A new regime is encroaching on the hide-bound, obscure world of private equity fund accounting. Its name is FAS 157, its ideology is fair value and it has come at the worst-possible time.
There is a growing awareness that in the current market, if strictly applied fair value would force many GPs to declare as worthless equity invested during the LBO boom.
Effective for fiscal years beginning after November 15, 2007, the Financial Standards Accounting Board mandates that assets be measured at “fair value”, described as “the price that would be received to sell an asset or paid to transfer a liability in an orderly transaction between market participants at the measurement date.” In other words, you need to find out what your portfolio company would be worth if you sold it right now.
This is a pain, but it’s a pain that private equity is going to have to learn to live with. Most general partners wouldn’t dream of selling an asset until they felt both the asset and the exit path were as strong as possible. That’s an advantage inherent in private equity. But FAS 157’s fair value approach requires the GPs to imagine selling their portfolio items each quarter, and to identify the factors that would play into the value.
Buyout general partners like to think of themselves as conservative when it comes to valuations. They don’t want to write anything up until there’s a damn good reason to do so. Until then they’d prefer to hold the investment at cost.
But owning a mature, private company means it probably has several public-market comparables, which are often measured to help determine the value of their privately held cousins.
The trouble is, mega-buyout GPs were paying premiums for public companies just over a year ago, and now the markets have fallen dramatically. What should be the fair value of the equity put into those deals? Under several scenarios, the fair value today should be zero.
Here’s just one hero-to-zero scenario: In the roaring first half of 2007, a buyout firm buys Widget Services Corp. for $1 billion. The company has EBITDA of $100 million, and the buyout firm agrees to pay a 10x multiple – at the high end of a range of multiples in the sector. The deal involves $300 million in equity and $700 million in debt, in line with the average 7 times EBITDA debt multiple banks are offering at the time.
Then things change. Assuming no debt is yet paid down, the public market for widgets falls, and now the median multiple is hovering around 8 times EBITDA, as evidenced by the trading price of a competitor of roughly the same size called Widget Products. Widget Services earnings are holding steady at $100 million, but now according to the buyout firm’s exacting application of fair value (and enforced by their fastidious auditors), the public-market comparable multiple means Widget Services is valued at $800 million, which values the equity in the deal at $100 million – a 66 percent decline from cost.
Things change again. Still assuming no debt has been paid down, the economy hits a bump and Widget Services sees a slight decline in earnings. This, plus a restructuring cost tied to the buyout sponsor’s ambitious plans for the company means EBITDA is now $85 million. Widget Products is still trading in the lowered range of 8 times EBITDA, and so the firm assigns to Widget Services a fair value of $680 million.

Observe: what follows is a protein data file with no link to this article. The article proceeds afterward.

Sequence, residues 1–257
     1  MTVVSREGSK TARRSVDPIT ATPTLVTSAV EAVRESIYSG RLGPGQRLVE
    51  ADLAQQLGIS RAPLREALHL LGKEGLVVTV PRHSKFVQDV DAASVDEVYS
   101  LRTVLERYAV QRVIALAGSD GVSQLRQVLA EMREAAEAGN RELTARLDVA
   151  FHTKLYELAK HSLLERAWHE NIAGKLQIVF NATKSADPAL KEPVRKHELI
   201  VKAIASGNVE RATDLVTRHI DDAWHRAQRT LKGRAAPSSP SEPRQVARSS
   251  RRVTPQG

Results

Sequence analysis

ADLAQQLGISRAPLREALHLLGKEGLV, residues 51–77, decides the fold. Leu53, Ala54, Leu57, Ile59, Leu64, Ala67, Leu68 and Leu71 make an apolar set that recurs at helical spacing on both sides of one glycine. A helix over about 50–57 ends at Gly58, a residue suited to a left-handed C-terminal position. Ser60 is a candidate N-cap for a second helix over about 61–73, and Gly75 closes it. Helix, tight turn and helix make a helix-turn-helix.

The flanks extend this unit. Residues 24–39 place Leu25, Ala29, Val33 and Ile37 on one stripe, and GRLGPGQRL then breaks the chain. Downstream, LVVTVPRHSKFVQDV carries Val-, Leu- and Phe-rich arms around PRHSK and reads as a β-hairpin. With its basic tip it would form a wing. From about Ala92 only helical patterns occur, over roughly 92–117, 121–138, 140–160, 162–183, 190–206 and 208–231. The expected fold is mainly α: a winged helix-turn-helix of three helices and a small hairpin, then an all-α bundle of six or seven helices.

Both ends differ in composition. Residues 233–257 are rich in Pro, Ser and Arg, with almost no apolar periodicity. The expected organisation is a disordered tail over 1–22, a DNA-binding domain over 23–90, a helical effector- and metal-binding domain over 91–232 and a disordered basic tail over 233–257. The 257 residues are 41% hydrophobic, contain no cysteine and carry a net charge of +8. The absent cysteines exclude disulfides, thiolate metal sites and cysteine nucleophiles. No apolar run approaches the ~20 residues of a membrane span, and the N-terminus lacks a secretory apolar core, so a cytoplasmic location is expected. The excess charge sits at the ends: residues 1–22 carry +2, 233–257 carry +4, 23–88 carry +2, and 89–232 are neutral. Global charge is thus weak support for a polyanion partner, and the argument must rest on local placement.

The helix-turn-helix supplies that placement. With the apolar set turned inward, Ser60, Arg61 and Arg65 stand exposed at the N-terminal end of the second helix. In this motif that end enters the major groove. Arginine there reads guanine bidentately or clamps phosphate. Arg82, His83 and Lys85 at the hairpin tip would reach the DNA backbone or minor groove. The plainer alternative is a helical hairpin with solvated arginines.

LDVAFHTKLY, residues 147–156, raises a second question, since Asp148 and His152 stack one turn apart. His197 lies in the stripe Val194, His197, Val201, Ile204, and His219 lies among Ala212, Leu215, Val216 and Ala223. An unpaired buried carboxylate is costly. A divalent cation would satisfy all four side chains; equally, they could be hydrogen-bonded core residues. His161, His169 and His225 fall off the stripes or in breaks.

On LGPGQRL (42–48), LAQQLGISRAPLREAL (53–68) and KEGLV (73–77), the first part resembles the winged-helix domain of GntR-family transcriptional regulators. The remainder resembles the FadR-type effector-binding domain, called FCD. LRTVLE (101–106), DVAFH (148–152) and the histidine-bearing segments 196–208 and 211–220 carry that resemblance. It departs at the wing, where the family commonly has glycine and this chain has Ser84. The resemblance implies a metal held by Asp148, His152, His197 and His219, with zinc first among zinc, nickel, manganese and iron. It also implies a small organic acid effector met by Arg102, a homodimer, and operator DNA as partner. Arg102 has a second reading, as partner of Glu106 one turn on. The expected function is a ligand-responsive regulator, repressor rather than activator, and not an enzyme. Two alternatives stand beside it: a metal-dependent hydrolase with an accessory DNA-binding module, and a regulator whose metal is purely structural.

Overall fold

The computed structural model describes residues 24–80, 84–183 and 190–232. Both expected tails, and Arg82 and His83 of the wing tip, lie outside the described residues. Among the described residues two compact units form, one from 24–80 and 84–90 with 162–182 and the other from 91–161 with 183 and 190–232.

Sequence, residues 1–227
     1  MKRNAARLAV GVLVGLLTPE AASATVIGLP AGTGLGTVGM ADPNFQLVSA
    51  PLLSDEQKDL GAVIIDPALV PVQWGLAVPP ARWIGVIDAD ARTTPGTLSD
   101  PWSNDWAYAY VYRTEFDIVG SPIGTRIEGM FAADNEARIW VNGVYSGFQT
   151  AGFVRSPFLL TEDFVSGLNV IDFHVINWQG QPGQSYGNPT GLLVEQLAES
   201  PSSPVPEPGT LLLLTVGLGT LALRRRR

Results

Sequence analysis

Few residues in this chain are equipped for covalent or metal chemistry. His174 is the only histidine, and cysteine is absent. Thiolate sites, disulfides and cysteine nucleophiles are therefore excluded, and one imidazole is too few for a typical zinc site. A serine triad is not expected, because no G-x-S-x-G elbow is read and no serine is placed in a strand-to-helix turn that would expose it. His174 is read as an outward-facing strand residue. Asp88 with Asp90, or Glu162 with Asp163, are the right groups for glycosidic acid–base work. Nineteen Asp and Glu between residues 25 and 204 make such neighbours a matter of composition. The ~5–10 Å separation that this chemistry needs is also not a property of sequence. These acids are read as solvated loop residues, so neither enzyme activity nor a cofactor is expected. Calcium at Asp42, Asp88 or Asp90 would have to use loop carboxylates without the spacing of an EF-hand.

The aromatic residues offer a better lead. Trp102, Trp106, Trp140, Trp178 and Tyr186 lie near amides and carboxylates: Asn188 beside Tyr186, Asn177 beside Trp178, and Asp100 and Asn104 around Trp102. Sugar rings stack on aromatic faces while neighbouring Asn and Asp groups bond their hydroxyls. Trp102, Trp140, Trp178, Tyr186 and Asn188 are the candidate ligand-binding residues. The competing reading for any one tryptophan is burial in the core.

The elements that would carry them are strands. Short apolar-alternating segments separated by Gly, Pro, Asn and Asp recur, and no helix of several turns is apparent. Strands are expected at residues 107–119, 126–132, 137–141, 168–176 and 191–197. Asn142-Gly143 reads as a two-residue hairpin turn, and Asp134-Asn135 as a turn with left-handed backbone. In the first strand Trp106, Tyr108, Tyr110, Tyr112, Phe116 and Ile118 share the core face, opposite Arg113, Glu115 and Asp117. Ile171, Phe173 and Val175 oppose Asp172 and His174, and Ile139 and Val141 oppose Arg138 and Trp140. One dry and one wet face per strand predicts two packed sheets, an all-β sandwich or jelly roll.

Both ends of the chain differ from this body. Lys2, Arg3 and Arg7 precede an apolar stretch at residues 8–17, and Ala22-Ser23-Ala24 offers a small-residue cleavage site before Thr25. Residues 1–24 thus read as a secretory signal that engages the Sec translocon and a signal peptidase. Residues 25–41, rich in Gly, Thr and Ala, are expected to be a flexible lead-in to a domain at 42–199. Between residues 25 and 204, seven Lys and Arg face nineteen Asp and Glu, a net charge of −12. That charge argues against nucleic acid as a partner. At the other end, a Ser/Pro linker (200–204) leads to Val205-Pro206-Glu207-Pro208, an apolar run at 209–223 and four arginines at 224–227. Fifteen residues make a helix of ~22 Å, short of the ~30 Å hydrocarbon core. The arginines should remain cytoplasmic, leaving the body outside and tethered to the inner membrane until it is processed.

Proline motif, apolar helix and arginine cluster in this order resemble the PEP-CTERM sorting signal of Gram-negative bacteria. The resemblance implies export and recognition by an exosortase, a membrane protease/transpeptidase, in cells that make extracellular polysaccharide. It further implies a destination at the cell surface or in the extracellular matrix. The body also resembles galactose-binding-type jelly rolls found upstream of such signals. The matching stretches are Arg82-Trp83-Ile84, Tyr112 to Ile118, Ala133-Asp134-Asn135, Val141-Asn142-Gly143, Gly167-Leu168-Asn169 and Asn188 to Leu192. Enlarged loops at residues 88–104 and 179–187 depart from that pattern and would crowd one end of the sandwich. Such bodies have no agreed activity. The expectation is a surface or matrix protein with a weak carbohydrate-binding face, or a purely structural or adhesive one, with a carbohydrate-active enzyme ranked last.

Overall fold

In other words, dear investor, the portfolio company is worth less than its debt and your equity is (for now) worthless.
In the real world, the factors that go into valuing a private equity portfolio company are far more complicated, and the general partners behind the valuation process are often disdainful of methodologies that result in huge fluctuations in investments that will be held for the long term.
For starters, many GPs may argue that a sale in the current market would not constitute fair value’s definition of an “orderly transaction”. Says one secondary market specialist: “I don’t think FAS 157 says what an investment is worth in a fire sale.”
Ultimately, the owner of a private company is in charge of valuing that company, and where one valuation “story” might put the value of the deal at zero, another story keeps its value closer to cost – for example, the company has better operations than its competitors; it deserves to be valued at the highest end of the multiples range; it has valuable, misunderstood assets that its public market comparables do not; it’s about to launch a new product; an investment banker has privately delivered news of a highly interested potential buyer, etc.
Perhaps more importantly, in the Wild West of so-called Level-3 valuations, there are no clear laws and no clear sheriffs. To be sure, there will be shouting matches over valuations in the coming months, with certain auditors refusing to sign off on numbers that they feel are unrealistically high. But while auditors may choose to “get tough” with GP clients, they cannot dictate the values. At the end of the quarter, the GPs themselves are the valuation experts within their chosen strategies, and if they feel strongly enough about a mark, they can get tough right back.
One partner at a US middle-market buyout shop puts it this way: “A 28-year-old auditor walks into the office of the 58-year-old founder of the firm and says, ‘You need to write down the value of this portfolio company.’ And the founder says, ‘You child. You don’t know my business at all.’ And that’s the end of the discussion.”